Mr Zelaya's supporters have been demonstrating almost daily
The interim government in Honduras has lifted the overnight curfew that has been in place since the ousting of President Manuel Zelaya two weeks ago.
The government said it had "reached its objective" of quelling opposition protests, in a statement read out on television and radio.
Roberto Micheletti's interim government imposed the curfew on 28 June.
Talks in Costa Rica aimed at ending the political crisis in Honduras ended without agreement on Friday.
"The government was able not only to reduce crime in the whole country, but also to restore calm to the people of Honduras," the government was quoted as saying in its public broadcast on Sunday by Reuters news agency.
Mr Zelaya was ousted and forced out of Honduras at gunpoint on 28 June.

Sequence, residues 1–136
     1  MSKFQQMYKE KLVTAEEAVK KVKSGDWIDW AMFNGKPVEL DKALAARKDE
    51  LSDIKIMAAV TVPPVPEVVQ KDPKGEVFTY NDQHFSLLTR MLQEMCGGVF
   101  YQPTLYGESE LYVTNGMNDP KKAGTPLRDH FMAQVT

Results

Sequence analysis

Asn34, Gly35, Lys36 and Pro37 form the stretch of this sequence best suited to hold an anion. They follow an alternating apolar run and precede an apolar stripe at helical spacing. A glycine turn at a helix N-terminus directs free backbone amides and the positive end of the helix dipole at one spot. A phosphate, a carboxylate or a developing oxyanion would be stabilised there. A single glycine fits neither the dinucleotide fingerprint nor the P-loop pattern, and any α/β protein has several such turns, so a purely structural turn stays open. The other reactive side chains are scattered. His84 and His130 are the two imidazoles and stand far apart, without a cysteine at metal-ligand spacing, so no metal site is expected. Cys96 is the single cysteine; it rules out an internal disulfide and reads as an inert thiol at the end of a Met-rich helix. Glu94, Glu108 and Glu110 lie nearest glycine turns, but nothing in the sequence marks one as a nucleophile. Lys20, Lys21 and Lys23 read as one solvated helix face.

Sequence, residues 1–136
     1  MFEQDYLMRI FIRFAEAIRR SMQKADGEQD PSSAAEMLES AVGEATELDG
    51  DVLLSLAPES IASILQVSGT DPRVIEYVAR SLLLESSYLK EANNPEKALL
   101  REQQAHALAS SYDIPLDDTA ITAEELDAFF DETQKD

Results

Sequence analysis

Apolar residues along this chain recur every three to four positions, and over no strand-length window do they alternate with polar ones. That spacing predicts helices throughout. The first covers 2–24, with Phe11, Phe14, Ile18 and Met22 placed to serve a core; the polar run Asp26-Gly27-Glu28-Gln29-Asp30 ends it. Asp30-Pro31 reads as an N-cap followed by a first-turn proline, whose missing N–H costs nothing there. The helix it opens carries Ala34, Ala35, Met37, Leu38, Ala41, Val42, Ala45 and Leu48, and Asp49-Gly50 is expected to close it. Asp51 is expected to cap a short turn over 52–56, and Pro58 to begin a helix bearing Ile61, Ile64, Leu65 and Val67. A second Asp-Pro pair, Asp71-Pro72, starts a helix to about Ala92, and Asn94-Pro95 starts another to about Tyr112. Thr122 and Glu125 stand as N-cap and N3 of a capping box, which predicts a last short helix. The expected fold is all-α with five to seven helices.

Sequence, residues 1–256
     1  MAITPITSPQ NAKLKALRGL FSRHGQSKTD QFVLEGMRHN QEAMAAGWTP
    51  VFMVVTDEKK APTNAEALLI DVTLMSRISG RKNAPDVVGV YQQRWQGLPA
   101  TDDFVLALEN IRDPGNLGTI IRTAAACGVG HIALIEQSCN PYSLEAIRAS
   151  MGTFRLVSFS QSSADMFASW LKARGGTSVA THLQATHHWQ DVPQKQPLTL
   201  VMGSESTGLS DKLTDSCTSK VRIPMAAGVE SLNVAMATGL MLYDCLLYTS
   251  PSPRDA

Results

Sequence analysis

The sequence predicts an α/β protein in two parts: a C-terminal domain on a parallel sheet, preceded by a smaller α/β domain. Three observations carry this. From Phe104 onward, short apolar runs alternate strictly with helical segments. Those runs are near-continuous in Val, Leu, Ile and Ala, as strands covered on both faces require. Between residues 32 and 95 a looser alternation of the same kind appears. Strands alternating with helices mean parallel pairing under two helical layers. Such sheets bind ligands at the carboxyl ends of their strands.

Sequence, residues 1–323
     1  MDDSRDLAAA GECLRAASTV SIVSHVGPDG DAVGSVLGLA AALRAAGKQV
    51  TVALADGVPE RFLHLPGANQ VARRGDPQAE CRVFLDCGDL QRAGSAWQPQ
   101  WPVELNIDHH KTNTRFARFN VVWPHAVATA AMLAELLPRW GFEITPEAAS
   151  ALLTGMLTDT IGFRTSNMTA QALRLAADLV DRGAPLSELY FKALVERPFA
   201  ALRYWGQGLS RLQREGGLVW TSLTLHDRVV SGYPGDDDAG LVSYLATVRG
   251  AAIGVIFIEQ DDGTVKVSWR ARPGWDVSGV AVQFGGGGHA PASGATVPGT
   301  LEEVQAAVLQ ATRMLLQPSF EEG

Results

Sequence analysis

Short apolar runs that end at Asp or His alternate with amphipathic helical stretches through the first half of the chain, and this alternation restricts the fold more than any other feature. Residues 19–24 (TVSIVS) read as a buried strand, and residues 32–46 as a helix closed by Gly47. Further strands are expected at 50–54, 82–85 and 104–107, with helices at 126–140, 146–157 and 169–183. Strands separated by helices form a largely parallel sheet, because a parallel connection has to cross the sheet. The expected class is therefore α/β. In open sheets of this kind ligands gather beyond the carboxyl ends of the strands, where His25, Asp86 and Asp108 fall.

His attempt to fly back to Honduras failed the following weekend when the authorities blocked the runway at Tegucigalpa airport. At least one supporter of Mr Zelaya was killed in clashes.
The political crisis erupted after Mr Zelaya attempted to hold a non-binding public consultation to ask people whether they supported moves to change the constitution.
Opponents said that could have led to the removal of the current one-term limit on serving as president and so paved the way for Mr Zelaya's possible re-election.
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